An annual report of NATWAC at the time stated that she was a member of the Women's Electoral Lobby, the radical feminist lobby group; the Union of Australian Women, a body aligned with the pro-Soviet Socialist Party of Australia; the pro-abortion Family Planning Association (Queensland); and the Queensland Council for Civil Liberties.


Her biography on the Governor of Queensland's web-site states: "She has made choices throughout her professional and community life that reflect her strong sense of responsibility to the community; her commitment to advancing human rights and equality, the rights of women and children, and the welfare of the family; and her willingness to share her skills and experiences to improve the lives of many.

"As a mother of five children, and now as a grandmother, these things rest close and dear to her heart...

"Her former roles include: inaugural director of the Queensland Women's Information Service, Office of the Status of Women; Queensland director of the Human Rights and Equal Opportunity Commission; federal Sex Discrimination Commissioner; founding chair and chief executive of the National Childcare Accreditation Council; principal and chief executive Officer of the Women's College, University of Sydney; member of the Australian delegation to the United Nations Human Rights Commission; and lecturer in law school, University of Queensland."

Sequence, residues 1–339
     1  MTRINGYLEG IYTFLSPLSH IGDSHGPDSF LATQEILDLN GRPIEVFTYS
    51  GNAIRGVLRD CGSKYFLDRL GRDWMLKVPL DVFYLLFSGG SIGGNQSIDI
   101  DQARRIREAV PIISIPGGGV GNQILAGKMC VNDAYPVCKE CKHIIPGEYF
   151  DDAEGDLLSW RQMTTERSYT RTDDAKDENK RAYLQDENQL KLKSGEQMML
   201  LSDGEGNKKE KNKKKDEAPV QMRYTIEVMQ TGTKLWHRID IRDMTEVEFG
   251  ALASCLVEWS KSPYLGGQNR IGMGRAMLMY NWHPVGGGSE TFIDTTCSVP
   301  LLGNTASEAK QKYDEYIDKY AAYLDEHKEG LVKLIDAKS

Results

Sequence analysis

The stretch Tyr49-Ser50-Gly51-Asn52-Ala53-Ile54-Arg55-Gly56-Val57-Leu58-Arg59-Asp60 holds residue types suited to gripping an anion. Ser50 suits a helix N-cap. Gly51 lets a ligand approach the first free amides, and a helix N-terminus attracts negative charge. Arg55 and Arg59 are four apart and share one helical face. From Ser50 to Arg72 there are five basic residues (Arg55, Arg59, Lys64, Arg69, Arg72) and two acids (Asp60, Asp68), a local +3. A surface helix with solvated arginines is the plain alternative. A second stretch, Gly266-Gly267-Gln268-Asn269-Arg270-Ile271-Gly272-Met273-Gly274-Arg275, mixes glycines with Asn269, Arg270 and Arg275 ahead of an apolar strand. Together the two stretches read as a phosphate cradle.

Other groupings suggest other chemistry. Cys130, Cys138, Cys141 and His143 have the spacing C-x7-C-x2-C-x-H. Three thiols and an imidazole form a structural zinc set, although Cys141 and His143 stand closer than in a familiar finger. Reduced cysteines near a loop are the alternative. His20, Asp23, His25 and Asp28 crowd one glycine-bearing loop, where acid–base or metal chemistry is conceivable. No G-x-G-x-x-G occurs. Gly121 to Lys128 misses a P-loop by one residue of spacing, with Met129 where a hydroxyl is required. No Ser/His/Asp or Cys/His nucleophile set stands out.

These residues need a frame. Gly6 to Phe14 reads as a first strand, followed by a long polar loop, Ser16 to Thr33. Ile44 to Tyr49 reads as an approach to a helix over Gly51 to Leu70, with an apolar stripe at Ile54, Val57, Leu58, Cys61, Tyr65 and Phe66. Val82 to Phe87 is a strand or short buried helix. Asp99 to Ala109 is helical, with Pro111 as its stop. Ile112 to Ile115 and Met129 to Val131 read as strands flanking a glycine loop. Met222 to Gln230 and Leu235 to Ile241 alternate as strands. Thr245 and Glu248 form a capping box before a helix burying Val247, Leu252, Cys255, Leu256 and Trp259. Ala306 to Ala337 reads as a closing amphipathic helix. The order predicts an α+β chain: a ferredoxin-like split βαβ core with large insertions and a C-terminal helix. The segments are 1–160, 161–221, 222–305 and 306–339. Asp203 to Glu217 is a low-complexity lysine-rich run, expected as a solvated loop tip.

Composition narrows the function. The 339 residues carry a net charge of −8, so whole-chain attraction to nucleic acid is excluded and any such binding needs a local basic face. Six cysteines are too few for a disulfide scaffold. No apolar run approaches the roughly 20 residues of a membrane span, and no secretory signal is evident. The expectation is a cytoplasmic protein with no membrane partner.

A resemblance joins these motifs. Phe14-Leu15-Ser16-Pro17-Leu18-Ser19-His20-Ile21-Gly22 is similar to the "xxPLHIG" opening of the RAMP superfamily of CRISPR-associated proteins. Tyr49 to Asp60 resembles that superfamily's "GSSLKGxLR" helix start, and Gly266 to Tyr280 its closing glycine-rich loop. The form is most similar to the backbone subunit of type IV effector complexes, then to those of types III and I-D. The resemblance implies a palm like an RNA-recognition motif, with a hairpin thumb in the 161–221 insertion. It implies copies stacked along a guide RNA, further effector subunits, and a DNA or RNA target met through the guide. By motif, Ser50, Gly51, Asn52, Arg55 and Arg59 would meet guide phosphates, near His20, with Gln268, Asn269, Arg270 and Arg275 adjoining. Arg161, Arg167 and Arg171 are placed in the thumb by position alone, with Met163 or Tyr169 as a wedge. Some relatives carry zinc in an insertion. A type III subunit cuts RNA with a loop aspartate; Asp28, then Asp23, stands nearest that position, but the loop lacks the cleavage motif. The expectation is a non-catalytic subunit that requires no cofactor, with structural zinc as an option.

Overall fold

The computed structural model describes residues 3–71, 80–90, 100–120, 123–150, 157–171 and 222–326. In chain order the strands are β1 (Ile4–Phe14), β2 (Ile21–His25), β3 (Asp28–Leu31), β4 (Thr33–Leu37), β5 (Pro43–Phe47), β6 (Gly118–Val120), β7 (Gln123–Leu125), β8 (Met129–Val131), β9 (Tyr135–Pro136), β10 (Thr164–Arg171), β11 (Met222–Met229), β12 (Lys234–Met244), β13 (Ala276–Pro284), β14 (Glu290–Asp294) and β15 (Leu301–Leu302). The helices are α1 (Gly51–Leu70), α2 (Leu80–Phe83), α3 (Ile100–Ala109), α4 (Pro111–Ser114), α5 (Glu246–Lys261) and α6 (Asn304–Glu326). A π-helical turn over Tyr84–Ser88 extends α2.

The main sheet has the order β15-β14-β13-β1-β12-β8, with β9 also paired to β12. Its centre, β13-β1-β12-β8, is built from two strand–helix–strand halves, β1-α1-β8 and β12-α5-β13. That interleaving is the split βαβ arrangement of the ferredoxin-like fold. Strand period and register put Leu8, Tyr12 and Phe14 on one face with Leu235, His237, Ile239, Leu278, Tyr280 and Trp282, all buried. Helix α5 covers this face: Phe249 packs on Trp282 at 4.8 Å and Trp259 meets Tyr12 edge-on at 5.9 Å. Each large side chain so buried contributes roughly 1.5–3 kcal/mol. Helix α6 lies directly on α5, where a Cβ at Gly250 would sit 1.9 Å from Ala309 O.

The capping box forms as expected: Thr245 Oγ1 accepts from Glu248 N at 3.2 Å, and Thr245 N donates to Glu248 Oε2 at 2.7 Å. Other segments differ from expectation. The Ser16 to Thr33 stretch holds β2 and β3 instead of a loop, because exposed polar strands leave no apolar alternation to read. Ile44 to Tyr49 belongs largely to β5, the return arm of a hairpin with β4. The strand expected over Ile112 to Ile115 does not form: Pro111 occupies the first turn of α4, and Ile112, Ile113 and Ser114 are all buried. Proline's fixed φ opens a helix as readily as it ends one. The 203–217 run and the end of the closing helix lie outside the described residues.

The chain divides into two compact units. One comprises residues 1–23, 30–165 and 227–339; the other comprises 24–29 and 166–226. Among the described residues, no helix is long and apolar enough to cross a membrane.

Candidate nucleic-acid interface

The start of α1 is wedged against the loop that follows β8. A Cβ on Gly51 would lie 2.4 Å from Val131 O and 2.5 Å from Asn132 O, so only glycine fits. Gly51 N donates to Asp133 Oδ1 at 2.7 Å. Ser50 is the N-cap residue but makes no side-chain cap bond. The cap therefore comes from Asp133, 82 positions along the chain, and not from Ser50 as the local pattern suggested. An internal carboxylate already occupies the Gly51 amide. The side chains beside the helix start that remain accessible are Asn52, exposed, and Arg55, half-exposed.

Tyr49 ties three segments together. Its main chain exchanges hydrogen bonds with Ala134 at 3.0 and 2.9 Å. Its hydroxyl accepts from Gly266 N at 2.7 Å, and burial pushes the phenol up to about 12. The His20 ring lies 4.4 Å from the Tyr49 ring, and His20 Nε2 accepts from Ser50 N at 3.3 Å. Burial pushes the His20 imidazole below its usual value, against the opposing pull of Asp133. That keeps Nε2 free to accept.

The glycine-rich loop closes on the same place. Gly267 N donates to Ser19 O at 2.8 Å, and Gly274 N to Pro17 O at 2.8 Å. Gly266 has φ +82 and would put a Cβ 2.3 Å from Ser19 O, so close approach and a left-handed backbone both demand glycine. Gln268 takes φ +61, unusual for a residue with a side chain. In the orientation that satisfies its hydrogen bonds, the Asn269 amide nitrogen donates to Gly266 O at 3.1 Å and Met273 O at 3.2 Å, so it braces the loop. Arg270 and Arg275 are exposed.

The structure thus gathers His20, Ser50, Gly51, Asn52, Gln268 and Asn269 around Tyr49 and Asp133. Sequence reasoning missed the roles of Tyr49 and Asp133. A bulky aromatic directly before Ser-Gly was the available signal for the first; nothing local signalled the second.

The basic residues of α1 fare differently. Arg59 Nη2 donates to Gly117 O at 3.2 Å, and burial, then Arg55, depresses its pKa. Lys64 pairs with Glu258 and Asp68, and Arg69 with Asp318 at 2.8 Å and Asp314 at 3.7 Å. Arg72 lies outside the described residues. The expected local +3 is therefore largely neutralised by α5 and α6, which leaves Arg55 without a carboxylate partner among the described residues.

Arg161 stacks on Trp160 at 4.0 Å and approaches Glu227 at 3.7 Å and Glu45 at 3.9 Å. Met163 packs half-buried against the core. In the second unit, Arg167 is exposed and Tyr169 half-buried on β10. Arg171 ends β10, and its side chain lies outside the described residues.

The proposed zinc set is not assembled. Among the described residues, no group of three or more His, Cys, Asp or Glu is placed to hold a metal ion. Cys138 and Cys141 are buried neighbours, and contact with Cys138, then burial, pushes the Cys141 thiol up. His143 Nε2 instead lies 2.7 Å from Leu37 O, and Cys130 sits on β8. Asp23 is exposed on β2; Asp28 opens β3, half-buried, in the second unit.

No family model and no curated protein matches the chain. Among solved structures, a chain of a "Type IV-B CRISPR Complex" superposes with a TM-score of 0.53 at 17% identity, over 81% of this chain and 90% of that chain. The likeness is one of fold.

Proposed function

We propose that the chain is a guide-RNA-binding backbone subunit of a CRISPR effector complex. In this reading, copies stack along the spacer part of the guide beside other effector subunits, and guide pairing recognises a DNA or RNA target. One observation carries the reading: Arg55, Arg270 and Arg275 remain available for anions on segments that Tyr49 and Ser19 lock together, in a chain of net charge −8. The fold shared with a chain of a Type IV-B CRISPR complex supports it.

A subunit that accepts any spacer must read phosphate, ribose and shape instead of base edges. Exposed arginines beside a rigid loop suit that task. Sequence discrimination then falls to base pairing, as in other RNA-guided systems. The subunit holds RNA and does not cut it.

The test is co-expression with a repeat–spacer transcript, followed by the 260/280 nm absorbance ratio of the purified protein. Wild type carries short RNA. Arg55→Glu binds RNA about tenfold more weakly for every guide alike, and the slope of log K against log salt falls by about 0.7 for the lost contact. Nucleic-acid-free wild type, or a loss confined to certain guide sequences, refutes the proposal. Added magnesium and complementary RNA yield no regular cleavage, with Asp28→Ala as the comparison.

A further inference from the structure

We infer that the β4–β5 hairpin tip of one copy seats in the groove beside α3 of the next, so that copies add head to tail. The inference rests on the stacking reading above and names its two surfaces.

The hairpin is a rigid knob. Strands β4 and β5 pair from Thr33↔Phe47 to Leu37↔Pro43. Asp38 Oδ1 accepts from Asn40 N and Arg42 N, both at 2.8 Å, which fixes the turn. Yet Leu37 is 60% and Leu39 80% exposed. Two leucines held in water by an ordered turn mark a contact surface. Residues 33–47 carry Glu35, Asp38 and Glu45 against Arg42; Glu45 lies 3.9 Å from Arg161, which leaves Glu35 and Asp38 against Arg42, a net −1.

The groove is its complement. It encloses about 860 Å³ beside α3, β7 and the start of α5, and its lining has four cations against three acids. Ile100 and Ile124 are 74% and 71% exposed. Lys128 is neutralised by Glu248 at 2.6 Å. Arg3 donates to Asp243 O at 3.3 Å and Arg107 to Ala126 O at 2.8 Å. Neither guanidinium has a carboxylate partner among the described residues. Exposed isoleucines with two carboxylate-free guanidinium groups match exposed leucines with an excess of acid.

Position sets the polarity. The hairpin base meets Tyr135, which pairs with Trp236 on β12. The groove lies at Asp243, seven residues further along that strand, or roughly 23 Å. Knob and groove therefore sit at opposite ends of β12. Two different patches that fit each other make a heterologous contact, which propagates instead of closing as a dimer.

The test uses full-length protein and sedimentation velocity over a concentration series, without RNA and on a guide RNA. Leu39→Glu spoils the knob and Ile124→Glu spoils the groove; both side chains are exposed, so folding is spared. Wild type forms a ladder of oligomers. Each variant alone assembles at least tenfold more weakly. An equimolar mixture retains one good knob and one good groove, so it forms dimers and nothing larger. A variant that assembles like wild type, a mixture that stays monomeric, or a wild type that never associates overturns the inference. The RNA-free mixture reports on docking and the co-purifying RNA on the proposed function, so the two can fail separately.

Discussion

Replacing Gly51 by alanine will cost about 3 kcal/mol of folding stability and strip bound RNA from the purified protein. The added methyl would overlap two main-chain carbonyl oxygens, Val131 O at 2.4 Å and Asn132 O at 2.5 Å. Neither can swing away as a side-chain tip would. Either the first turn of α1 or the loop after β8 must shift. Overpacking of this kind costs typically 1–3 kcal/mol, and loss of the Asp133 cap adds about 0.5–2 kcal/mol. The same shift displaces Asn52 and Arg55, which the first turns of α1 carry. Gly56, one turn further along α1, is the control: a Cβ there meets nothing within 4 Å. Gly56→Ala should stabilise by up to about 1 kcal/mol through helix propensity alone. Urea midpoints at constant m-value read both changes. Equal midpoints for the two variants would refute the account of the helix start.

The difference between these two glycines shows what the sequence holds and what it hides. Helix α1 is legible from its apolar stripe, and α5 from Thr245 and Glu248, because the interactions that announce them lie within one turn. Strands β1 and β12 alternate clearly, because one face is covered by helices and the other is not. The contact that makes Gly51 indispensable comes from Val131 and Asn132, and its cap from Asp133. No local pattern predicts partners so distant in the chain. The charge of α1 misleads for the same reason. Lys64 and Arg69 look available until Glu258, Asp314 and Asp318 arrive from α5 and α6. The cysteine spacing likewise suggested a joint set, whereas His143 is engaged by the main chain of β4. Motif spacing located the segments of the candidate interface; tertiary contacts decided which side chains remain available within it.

In 1989, she was appointed Sex Discrimination Commissioner, at times attracting criticism for recommending the amendment of the Sex Discrimination Act which exempted religious schools and voluntary organisations from the provisions of the act.

She also campaigned publicly, while a government employee, against legislation to restrict abortion in the Australian Capital Territory.

Ms Bryce was also subject to an inquiry by the Human Rights and Equal Opportunity Commission into a complaint that she had discriminated against men, after a Canberra doctor, Alex Proudfoot, obtained under Freedom of Information a file in which Ms Bryce described his complaint as "another example of a male wasting our time with trivia" (Melbourne Herald Sun, November 20, 1993). The new chauvinism is as bad as the old.